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A Stockade's flywheel system.

For a list of flywheel system blasters, see Category:Flywheel system blasters.

A flywheel is an internal component found in some blasters, and is powered through battery-power for use with firing ammunition. With a loosely cylindrical shape, one or more motors rotate it to provide the physical force in which to "fling" it from a blaster.


Within a flywheel cage, set against where ammunition feeds in and the barrel in which they are fired out of, there are usually a pair of flywheels, set vertically, with enough space for darts or various ball ammunition to pass through; some blasters feature horizontally-aligned flywheels, though they are usually vertical to make a blaster less bulky on the sides. To help guide ammunition into the flywheels for firing, blasters will either use a pusher mechanism or conveyor system.

The flywheels themselves can differ in texture and shape, depending on what they are being used for. Blasters of the N-Strike Elite series feature smooth flywheels, whereas older blaster may have flywheels with teeth and texture on them. RIVAL blasters, similarly, have serrated flywheels, in order to fire the smaller and round High-Impact Round ammunition.

Because it is a physical action that propels ammunition out of a blaster, the flywheels that do so must be spooled or "revved" up first to full power, to ensure that ammunition fires out at full force. This may either involve flipping on a power switch and waiting for the flywheels to get up to full speed, or pulling back on either a two-stage firing trigger or acceleration trigger to also get flywheels up to full speed. Likewise, and in unmodified blasters, rapidly firing ammunition can cause the flywheels to slow down; a brief pause between each fire of the blaster can help mitigate this. In order to keep blasters safe and to comply with toy safety standards, an inductor and diode built into the blaster's electronic internals to control motor acceleration and prevent reverse currents, respectively.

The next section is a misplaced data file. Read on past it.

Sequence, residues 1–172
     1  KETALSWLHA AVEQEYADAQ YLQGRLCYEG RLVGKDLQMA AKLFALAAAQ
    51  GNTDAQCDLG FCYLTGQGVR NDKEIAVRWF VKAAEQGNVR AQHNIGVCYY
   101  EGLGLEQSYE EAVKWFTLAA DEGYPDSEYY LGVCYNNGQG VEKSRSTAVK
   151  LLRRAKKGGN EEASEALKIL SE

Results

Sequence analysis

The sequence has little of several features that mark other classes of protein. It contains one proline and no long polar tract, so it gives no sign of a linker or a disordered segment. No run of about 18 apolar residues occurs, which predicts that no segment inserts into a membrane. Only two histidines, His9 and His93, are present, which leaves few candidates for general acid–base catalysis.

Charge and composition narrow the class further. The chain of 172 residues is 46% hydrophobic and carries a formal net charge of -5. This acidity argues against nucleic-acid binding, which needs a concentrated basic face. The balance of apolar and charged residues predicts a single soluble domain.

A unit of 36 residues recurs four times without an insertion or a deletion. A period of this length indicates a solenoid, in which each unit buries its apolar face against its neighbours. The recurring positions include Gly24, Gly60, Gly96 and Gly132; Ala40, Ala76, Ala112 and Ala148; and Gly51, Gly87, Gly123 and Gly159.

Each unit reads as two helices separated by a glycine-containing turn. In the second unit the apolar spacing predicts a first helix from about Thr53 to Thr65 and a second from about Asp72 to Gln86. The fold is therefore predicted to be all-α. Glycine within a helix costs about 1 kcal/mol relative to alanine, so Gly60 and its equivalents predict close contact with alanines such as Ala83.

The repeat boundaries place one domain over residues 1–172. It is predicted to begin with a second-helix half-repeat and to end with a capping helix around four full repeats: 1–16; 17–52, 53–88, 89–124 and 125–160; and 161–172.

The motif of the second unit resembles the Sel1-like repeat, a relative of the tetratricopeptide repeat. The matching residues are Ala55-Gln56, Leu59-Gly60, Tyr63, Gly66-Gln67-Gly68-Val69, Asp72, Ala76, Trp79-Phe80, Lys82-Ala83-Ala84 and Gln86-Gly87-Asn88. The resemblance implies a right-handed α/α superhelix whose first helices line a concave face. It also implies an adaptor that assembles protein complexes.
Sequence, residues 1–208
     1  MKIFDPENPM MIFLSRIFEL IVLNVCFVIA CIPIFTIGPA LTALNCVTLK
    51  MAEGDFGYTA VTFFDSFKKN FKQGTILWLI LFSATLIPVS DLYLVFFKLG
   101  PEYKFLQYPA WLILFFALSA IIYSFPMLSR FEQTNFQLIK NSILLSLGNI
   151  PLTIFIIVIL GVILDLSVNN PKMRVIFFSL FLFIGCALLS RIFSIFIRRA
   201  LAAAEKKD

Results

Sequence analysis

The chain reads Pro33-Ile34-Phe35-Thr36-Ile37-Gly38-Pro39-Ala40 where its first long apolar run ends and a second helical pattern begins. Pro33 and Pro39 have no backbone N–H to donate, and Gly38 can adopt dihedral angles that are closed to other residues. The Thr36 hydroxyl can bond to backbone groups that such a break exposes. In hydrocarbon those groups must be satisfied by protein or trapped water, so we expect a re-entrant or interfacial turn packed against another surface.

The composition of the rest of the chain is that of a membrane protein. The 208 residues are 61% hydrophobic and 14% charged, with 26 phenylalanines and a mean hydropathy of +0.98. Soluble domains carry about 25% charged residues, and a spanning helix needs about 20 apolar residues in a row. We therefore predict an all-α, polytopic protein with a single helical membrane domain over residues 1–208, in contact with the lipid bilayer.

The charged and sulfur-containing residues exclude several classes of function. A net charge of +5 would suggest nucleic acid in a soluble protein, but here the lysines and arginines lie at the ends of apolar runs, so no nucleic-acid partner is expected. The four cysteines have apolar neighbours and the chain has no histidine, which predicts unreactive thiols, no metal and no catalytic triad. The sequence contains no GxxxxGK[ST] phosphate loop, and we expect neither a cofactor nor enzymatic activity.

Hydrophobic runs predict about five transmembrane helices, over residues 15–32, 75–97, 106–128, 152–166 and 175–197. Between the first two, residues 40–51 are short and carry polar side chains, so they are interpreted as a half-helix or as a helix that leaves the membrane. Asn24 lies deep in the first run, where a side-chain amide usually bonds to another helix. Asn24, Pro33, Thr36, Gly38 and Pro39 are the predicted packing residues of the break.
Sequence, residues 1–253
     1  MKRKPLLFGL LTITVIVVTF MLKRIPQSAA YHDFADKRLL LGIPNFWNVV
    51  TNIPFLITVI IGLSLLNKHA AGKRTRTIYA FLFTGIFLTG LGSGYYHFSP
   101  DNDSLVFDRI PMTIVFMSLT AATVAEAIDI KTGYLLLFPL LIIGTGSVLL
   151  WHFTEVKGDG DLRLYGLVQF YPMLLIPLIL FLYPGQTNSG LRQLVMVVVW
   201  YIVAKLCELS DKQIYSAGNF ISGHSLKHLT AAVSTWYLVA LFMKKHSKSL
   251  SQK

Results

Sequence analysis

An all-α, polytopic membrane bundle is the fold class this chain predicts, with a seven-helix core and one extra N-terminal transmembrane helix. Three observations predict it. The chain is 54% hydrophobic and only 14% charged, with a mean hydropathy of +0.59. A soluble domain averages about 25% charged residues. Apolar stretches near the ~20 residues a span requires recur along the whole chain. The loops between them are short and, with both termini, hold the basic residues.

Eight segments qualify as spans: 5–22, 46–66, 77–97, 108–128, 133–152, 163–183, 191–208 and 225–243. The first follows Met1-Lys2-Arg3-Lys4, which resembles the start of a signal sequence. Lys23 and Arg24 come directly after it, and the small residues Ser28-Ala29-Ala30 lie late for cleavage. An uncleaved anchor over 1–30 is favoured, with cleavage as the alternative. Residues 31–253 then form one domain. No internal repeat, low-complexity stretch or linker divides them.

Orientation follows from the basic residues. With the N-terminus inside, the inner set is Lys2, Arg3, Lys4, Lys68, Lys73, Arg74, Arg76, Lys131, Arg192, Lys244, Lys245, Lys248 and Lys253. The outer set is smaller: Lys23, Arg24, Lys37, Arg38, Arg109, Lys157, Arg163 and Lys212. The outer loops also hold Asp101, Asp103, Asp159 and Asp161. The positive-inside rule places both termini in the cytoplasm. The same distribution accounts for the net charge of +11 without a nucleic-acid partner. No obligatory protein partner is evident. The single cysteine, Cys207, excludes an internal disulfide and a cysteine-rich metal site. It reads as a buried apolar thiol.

While almost all flywheel system blasters are battery-powered, there are those who are instead powered through manual force. This includes the Nerf Ripsaw and Buzzsaw, which have spool-action mechanisms operated by repeatedly pumping the blaster. These blasters also feature primitive feeding mechanisms, usually tied to the pull of the firing trigger.


  • The first Nerf blasters to feature a flywheel was the 1995 Nerf Action Ripsaw.
  • The Vortex Nitron features a single horizontal flywheel instead of two. This is due to the fact that XLR Discs need to spin while firing in order to be stable in the air, and having two flywheels would not allow the discs to spin.
  • Accelerators, or boosters, for toy racetrack sets such as Hot Wheels use a system similar to the flywheel. Whether or not the flywheel was based off it is unknown.